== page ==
How does Lois Lowry create ambiguity at the end of The Giver?
The ending is ambiguous because it is not clear whether Jonas and Gabriel live or not.
Ambiguity means that we are not quite sure what is happening. In the case of Jonas and Gabriel’s escape, we have to base our understanding of what happens to them on what is actually in the text of this book, not the sequels. There are sequels to this book, but the ending of this book was left intentionally vague for a reason.
First of all, when Jonas and Gabriel escape, they are risking their lives. They are being hunted by search planes, they have very little food, and for quite a while they have to be sustained by mostly memories Jonas uses to keep them alive. Soon, they run into terrain that is very rough and harsh. It is cold, and snowy. Jonas can no longer use the bicycle. Things are dire.
It is when things are at their worst, and Jonas has very little strength left, that we start to wonder if they are going to die of exposure. This is when things get interesting. Jonas has previously experienced a memory of snow and a red sled. It was one of the first memories he received. Isn’t it strange, then, that he knows exactly where to find a sled?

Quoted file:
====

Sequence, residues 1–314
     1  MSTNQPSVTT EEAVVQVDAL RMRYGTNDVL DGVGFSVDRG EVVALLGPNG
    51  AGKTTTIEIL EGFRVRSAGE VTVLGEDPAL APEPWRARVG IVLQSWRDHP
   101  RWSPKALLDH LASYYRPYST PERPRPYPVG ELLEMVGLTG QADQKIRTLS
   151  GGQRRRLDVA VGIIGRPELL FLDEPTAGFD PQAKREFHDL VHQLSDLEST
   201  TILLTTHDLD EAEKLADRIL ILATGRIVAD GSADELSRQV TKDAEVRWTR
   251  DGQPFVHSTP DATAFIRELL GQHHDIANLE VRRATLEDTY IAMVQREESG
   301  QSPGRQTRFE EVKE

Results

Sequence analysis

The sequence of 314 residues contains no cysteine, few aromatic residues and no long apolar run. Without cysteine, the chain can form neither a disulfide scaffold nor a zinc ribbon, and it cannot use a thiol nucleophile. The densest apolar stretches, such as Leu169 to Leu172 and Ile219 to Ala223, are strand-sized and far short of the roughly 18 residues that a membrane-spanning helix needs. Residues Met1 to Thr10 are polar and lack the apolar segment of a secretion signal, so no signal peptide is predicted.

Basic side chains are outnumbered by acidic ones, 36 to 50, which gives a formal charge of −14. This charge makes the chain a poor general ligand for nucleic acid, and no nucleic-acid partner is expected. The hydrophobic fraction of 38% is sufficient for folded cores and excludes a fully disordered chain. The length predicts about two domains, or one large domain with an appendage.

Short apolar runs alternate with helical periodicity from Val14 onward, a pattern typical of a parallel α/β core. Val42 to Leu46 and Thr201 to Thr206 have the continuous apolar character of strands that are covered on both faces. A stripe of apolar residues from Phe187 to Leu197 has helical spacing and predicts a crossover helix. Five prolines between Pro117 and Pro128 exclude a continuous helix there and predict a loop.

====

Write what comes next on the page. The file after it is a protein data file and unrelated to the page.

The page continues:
Using his final strength, and a special knowledge that was deep inside him, Jonas found the sled that was waiting for them at the top of the hill. Numbly his hands fumbled for the rope. (Ch. 23)
The fact that someone would leave a sled lying around at the top of a hill is odd, as is the fact that Jonas somehow knew how to find it through the memories. That seems to be the implication here, because he says he used his “special knowledge.”
Jonas hears people singing. However, he notes that he may not actually be hearing it. He wonders if it is just another memory.
Behind him, across vast distances of space and time, from the place he had left, he thought he heard music too. But perhaps it was only an echo. (Ch. 23)
One way to interpret these events is that Jonas passed out, and did not find a sled, sled down to safety, hear music and get rescued. Instead, he and Gabriel froze to death. However, as I said, the ending is ambiguous. Since there are sequels, we have to assume that they did indeed survive and someone in that house rescued them.
An ambiguous ending is an amazing thing in literature. It leaves it open to the reader whether to be optimistic or pessimistic about the characters' fates. You also have to go back through the book to look more carefully at clues. Of course, the sequels kind of ruin the effect. Without considering the sequels though, even with foreshadowing, there is enough uncertainty here to make us wonder if Jonas and Gabe lived or died.